If you made any changes in Pure these will be visible here soon.

Personal profile


Gary Magee is Professor of Economics in the Department of Economics at Monash University. He is a Fellow of the Academy of Social Sciences in Australia and a Fellow of Royal Historical Society in the United Kingdom. His training was undertaken in Melbourne, where he completed a history degree from Monash University and then a first-class honours degree in economics from La Trobe University. At La Trobe he was a D. M. Myer University Medallist. In 1991, he went to the University of Oxford as a Commonwealth Scholar and obtained his doctorate from Nuffield College, Oxford. He has held academic positions at the Australian National University, the University of Melbourne, La Trobe University and Queen Mary, University of London and has had visiting fellowships at inter alia the University of Oxford; the Russian Academy of Sciences;  King's College, London; the University of Stellenbosch; the China Development Institute in Shenzhen; the University of Leeds; The University of Johannesburg; the University of Exeter; and the Center for the History of American Business, Technology and Society in Delaware, USA. He is a former Director of the Asian Economics Centre at the University of Melbourne; Head of the School of Economics and Finance at La Trobe University; and Deputy Dean (Research), Associate Dean (Graduate); and Founding Director of the Centre for Global Business in the Faculty of Business and Economics at Monash. He is currently a Research Affiliate at the Centre for Economic History at the Australian National University. In 2005, he held an Australian Bicentennial Fellowship from the Menzies Research Centre at the University of London. He has published widely in the fields of economic history, technological change, globalisation, transnationalism, historical political economics, and industrial development. He has published five major research monographs, two with Cambridge University Press. He has also regularly published articles in highly ranked international refereed journals, including The Economic Journal, Economic History Review, Journal of Economic History, Explorations in Economic History, Journal of Interdisciplinary History, Central European History, Journal of Economic Behavior and Organization, Economic InquiryBusiness History, and Business History Review.  He has also contributed to major publications in his field, most notably in three of The Cambridge Economic History series, namely, The Cambridge Economic History of Britain, The Cambridge Economic History of Australia, and The Cambridge Economic History of the Modern World. In 2018, he was listed as Australia's "Field Leader" in two fields: Economic History and History (The Australian, 26/9/18, pp. 12 & 36).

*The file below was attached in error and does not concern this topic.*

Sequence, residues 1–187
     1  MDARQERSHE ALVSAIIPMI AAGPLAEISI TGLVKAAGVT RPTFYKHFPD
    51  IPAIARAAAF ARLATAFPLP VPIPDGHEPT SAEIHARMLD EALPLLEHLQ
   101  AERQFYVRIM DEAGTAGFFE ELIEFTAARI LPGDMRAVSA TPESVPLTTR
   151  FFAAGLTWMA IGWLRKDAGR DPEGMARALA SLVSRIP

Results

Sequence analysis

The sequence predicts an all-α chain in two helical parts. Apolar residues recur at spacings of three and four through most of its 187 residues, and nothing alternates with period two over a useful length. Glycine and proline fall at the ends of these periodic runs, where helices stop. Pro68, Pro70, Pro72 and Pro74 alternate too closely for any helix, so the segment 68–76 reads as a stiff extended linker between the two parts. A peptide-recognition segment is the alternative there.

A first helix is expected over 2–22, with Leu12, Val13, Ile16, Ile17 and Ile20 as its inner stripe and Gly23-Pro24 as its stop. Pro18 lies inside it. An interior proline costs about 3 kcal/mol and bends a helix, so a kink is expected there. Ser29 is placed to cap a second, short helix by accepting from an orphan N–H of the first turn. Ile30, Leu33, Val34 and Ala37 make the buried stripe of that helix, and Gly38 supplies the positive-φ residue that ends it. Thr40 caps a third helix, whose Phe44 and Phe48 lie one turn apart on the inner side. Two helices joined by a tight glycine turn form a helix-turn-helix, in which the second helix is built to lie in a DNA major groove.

Research interests

Economic history, political economics, theories of long-run change, behaviour in authoritarian societies, innovation and technological change, industrial economics,  globalisation, transnationalism, international economics and public policy.

Supervision interests

I am particularly interested in supervising research in any area of economic history and historical political economics.

Expertise related to UN Sustainable Development Goals

In 2015, UN member states agreed to 17 global Sustainable Development Goals (SDGs) to end poverty, protect the planet and ensure prosperity for all. This person’s work contributes towards the following SDG(s):

  • SDG 8 - Decent Work and Economic Growth
  • SDG 9 - Industry, Innovation, and Infrastructure
  • SDG 10 - Reduced Inequalities
  • SDG 16 - Peace, Justice and Strong Institutions

Research area keywords

  • Economic history
  • Historical political economics
  • Innovation and technological change
  • Behaviour in authoritarian societies
  • Theories of long-run change
  • Globalisation
  • Public policy
  • International economics
  • Industrial economics